Cocoa products such as dark chocolate and cocoa beverages may have blood pressure (BP)–lowering properties due to their high content of plant-derived flavanols.
We performed a meta-analysis of randomized controlled trials assessing the antihypertensive effects of flavanol-rich cocoa products. The primary outcome measure was the change in systolic and diastolic BP between intervention and control groups.
In total, 10 randomized controlled trials comprising 297 individuals were included in the analysis. The populations studied were either healthy normotensive adults or patients with prehypertension/stage 1 hypertension. Treatment duration ranged from 2 to 18 weeks. The mean BP change in the active treatment arms across all trials was −4.5mmHg (95% confidence interval (CI), −5.9 to −3.2, P < 0.001) for systolic BP and −2.5mmHg (95%CI, −3.9 to −1.2, P < 0.001) for diastolic BP.
The meta-analysis confirms the BP-lowering capacity of flavanol-rich cocoa products in a larger set of trials than previously reported. However, significant statistical heterogeneity across studies could be found, and questions such as the most appropriate dose and the long-term side effect profile warrant further investigation before cocoa products can be recommended as a treatment option in hypertension.
Cocoa products such as dark chocolate and cocoa beverages may have blood pressure (BP)–lowering properties due to their high content of plant-derived flavanols.1 Initial observations of the possible antihypertensive effects of cocoa-rich food came from the Kuna Indians, a native population living on islands off the Panama coast. Hypertension is very rare in the island Kuna Indians, and there is no age-dependent increase in BP. These effects are likely environmental because they are lost upon migration to urban Panama City. One striking dietary feature of the Kuna Indians living offshore is the consumption of large amounts of natural cocoa drinks rich in flavanols.2 In contrast, Kuna Indians living in Panama City consume cocoa from grocery stores largely devoid of flavanols leading to the hypothesis that intake of flavanol-rich cocoa might be causally linked to the low prevalence of hypertension in island-dwelling Kuna Indians.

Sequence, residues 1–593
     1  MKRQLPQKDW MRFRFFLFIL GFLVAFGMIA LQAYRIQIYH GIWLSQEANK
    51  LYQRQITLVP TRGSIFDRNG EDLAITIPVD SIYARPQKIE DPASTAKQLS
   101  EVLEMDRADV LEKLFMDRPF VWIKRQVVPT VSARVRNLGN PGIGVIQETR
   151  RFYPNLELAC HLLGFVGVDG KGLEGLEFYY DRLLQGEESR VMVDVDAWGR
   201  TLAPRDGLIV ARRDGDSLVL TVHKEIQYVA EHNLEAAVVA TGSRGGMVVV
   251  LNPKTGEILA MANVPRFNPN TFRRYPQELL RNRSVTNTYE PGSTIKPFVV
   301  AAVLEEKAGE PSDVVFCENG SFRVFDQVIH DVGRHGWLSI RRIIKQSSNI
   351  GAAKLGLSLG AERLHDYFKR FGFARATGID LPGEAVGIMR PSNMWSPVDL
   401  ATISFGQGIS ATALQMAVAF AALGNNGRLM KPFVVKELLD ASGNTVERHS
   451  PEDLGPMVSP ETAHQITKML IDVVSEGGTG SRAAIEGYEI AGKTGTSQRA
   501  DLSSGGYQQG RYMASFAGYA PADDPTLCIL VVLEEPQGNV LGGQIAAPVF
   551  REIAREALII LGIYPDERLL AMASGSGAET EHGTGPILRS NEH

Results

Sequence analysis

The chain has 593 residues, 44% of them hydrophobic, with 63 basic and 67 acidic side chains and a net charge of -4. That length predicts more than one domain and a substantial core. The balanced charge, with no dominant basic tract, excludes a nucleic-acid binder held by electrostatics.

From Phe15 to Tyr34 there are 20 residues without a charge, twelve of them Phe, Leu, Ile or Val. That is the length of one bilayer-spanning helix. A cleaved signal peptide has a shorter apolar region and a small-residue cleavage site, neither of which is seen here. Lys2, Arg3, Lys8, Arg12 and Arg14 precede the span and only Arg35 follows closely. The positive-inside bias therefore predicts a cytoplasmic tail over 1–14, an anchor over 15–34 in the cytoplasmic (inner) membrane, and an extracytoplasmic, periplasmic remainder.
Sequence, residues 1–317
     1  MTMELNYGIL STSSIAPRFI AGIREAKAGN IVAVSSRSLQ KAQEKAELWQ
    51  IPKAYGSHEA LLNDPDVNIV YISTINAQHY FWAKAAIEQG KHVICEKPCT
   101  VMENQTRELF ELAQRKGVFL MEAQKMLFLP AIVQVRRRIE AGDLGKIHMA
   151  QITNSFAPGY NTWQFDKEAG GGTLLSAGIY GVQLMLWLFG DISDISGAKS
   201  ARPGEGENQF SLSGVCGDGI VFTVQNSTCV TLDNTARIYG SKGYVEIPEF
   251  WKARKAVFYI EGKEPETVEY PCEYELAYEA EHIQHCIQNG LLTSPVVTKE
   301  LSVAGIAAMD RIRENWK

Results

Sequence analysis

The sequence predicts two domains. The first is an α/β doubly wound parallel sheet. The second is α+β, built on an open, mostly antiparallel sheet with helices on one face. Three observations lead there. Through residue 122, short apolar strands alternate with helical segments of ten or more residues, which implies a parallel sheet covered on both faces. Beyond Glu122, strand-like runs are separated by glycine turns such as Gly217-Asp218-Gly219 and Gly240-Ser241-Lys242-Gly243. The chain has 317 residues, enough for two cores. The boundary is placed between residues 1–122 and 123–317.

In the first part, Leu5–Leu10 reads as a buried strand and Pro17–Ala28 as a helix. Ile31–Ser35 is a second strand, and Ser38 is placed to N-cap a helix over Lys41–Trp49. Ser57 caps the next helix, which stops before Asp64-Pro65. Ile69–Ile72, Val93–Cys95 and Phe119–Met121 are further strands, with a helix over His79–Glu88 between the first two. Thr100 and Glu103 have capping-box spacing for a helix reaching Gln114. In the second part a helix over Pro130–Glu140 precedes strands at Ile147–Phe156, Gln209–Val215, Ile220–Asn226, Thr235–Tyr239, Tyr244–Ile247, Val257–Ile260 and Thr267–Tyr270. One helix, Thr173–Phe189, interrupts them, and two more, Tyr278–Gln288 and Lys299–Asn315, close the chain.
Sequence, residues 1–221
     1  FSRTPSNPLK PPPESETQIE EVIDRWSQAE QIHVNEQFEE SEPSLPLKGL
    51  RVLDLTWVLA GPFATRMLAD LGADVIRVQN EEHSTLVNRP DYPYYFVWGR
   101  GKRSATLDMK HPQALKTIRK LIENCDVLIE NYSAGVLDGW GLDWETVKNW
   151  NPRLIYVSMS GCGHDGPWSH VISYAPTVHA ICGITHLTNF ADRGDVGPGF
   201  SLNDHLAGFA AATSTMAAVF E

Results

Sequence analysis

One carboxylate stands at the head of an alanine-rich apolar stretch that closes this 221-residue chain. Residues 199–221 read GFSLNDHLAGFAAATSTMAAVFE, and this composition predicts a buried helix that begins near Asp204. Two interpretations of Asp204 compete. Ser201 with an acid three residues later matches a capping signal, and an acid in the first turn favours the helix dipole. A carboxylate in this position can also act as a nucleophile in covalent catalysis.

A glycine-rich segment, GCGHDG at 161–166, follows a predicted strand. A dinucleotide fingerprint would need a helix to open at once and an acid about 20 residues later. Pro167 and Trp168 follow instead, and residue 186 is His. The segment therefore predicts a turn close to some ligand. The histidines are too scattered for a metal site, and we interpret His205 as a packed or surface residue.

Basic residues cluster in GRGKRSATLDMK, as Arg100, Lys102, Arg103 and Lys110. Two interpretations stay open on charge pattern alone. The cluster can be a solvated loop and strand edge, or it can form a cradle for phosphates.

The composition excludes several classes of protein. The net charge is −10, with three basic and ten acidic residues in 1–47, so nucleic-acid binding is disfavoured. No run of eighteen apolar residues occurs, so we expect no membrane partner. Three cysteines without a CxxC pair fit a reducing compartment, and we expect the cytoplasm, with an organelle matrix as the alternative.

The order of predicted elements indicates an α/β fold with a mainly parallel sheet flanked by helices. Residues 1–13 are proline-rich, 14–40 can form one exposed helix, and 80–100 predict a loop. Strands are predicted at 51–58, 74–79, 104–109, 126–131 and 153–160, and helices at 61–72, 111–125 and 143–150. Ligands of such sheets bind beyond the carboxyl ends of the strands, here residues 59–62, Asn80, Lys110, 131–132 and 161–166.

Further epidemiological evidence comes from a cohort of 470 men from the Dutch Zutphen Elderly Study. Habitual consumption of cocoa-containing food was inversely associated with BP.3 Mean systolic and diastolic BP were 3.7 and 2.1mmHg lower in participants in the highest tertile of cocoa intake as compared to those in the lowest tertile. Furthermore, cocoa intake was inversely related to cardiovascular and all-cause mortality.
Sparked by these epidemiological observations, several randomized clinical trials examining the effect of cocoa-rich products on BP have been undertaken. In 2007, a meta-analysis of randomized studies examining the effect of cocoa- and flavanol-rich dark chocolate consumption on BP reported beneficial effects as compared to chocolate containing no or only negligible amounts of flavanols.4 However, only five small trials were included in the analysis with a total of 96 participants. Several randomized controlled trials have been published since suggesting an updated meta-analysis with a more reliable assessment of the antihypertensive effects of flavanol-rich cocoa products.